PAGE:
Space battles are where this game really shines, I think. All fights take place above a planet, and the defender typically has the advantage of a space station. You can select certain hardpoints on larger ships (and the space station), such as shield generators, turbolaser batteries, and hangars, and destroying a certain thing will obviously make your battle easier. Destroying a ship’s engine totally stunts its maneuverability, making (especially faster ships) a very easy target. Star Destroyers and large ships typically spawn TIEs or X-Wings or whathaveyou, so destroying a hangar can keep things a bit more manageable. While having the largest navy makes things easy, tactics are important — knowing what to target and with what is key. I underestimated my opponent once and just mass-selected everything to attack the space station. One of my Star Destroyers was bombed by Y-Wings: had I had my TIEs defending the fleet, that wouldn’t have been a problem whatsoever.
Adding to the mix are certain heroes. A lot of them can be played either in space or on land: Grand Moff Tarkin, for example, provides a production bonus when played on the ground and another bonus while in space (at the cost of being unable to retreat, which is kind of cool). Others come with their own units: Darth Vader is great on the ground, but having him in his Super Star Destroyer Executor gives you a pretty big advantage. Heroes end up being fairly key, giving you a big advantage in space or on land. It can also give you a target to aim for and turn the battle in your direction.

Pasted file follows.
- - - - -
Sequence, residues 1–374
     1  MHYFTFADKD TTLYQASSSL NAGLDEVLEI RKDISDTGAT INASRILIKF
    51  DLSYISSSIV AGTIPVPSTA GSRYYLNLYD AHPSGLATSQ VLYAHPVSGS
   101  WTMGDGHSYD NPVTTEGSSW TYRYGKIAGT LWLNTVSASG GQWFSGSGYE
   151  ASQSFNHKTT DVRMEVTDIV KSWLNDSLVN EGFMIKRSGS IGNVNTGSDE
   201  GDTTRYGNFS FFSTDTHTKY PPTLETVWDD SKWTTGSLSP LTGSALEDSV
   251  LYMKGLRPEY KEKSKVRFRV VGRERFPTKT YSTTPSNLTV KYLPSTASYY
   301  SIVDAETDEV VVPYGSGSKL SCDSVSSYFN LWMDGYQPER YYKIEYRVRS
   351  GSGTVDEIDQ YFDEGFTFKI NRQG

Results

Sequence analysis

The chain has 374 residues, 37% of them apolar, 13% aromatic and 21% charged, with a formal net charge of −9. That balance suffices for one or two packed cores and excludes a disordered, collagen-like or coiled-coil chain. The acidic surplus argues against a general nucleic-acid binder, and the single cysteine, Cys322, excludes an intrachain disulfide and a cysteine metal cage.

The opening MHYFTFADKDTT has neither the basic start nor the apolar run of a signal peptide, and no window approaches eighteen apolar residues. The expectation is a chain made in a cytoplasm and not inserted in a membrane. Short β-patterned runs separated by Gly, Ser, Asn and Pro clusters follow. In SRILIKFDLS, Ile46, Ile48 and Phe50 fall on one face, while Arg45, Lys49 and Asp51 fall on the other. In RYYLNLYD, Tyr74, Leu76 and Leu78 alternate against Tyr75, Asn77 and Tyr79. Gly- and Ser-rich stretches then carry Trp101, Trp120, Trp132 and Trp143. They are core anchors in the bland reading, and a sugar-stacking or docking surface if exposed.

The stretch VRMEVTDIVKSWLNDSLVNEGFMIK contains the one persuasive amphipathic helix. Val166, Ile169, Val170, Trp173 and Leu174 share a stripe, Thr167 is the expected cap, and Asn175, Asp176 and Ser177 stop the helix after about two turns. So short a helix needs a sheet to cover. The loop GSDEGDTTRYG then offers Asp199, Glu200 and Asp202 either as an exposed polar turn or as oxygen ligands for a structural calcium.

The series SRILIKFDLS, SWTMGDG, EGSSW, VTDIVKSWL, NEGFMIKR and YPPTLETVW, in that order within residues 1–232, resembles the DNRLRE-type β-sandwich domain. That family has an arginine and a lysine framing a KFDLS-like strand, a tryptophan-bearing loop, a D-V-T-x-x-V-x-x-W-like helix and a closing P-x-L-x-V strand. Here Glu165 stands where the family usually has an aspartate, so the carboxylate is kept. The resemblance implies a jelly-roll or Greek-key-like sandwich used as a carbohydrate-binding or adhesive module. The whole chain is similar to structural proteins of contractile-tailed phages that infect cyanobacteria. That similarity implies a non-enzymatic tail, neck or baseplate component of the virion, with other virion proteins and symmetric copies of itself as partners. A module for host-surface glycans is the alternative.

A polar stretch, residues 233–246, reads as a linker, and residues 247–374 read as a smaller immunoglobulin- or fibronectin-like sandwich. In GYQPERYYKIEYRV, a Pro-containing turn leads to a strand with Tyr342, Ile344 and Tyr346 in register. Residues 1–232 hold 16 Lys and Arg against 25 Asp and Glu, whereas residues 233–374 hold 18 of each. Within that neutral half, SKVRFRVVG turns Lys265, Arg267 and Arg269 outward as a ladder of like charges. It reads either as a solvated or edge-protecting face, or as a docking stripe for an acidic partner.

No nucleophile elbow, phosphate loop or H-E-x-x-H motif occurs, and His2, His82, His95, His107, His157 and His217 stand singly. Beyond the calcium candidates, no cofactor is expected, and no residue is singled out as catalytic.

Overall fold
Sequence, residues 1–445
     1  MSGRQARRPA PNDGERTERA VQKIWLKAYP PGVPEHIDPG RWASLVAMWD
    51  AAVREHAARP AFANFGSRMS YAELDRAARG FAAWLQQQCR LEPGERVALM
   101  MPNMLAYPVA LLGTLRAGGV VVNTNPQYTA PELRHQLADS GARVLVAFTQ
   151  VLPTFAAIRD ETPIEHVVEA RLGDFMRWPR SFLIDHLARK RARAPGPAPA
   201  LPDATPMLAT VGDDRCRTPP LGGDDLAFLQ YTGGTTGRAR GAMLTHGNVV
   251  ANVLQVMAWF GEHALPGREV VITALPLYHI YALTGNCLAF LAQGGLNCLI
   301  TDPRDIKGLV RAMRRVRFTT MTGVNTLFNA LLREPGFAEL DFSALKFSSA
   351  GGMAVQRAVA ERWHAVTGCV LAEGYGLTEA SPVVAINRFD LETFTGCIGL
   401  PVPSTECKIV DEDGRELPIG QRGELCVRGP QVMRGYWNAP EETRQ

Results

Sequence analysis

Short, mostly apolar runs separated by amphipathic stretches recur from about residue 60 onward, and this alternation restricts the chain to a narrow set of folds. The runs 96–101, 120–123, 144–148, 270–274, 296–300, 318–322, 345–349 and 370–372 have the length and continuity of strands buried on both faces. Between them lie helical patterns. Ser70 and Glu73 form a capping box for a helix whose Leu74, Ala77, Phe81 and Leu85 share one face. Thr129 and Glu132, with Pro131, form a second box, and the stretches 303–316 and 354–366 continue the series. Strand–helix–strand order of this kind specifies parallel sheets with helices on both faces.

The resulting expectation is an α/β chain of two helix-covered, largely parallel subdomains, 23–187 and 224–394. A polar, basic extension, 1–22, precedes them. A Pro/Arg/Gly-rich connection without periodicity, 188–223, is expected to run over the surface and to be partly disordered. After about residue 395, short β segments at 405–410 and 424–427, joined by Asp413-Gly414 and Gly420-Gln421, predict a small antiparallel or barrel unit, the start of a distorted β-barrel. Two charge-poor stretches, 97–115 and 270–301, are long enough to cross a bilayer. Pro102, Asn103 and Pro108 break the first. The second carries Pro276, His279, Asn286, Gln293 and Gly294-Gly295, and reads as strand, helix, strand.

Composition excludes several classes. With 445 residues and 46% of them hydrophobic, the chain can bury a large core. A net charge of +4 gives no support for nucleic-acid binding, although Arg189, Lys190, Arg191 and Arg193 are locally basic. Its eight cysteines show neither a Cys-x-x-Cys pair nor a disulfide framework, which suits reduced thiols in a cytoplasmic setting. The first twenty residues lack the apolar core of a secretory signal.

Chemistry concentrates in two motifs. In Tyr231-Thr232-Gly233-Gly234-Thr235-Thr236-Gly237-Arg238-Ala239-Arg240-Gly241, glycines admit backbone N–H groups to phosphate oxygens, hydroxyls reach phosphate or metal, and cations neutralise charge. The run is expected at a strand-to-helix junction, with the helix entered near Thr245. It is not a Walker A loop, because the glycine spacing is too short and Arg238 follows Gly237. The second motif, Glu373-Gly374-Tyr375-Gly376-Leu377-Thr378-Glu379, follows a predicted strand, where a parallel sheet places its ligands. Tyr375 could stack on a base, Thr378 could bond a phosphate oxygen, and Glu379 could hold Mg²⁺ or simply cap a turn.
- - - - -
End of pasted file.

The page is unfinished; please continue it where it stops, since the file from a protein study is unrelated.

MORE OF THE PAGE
In terms of audio, the game is everything we’ve come to expect from the Star Wars franchise: the score is of course epic and the sound effects are authentic. The voice acting is good enough, though the vast majority (if not all?) of the voice acting is done by sound-alikes rather than the original actors… but that’s to be expected. The controls are pretty simple to grasp, the vast majority of it just being clicking. Most units have special abilities and these too are accessed by clicking or by a hotkey — but given that there are so many hotkeys, well, it’s easier just to click. The gameplay is pretty straightforward as well, and anyone who is remotely familiar with just about any real-time strategy game shouldn’t have a problem picking it up.
I really liked Empire at War. While there are certainly its downsides, like the poor-texture quality at high zoom levels and the definite two-sided nature of the game (well, three-sided if you bring in the Zann Consortium, I guess), it is at its core a very fun RTS game and, maybe more importantly, a very authentic Star Wars game.
ALSO, while I haven’t gone too in-depth, as usually happens with games like these, the modding community has redone this game extensively. Some mods tweak graphics or gameplay settings, others add completely new features like diplomacy options; some add brand new fleets and units, allowing you to play Empire at War in a completely different time setting (such as Thrawn’s Revenge, which starts up after the Battle of Endor). It’s really cool and definitely worth a look.
You can get Star Wars: Empire at War Gold Pack on Steam for $19.99, which I think is a fair price for this thing.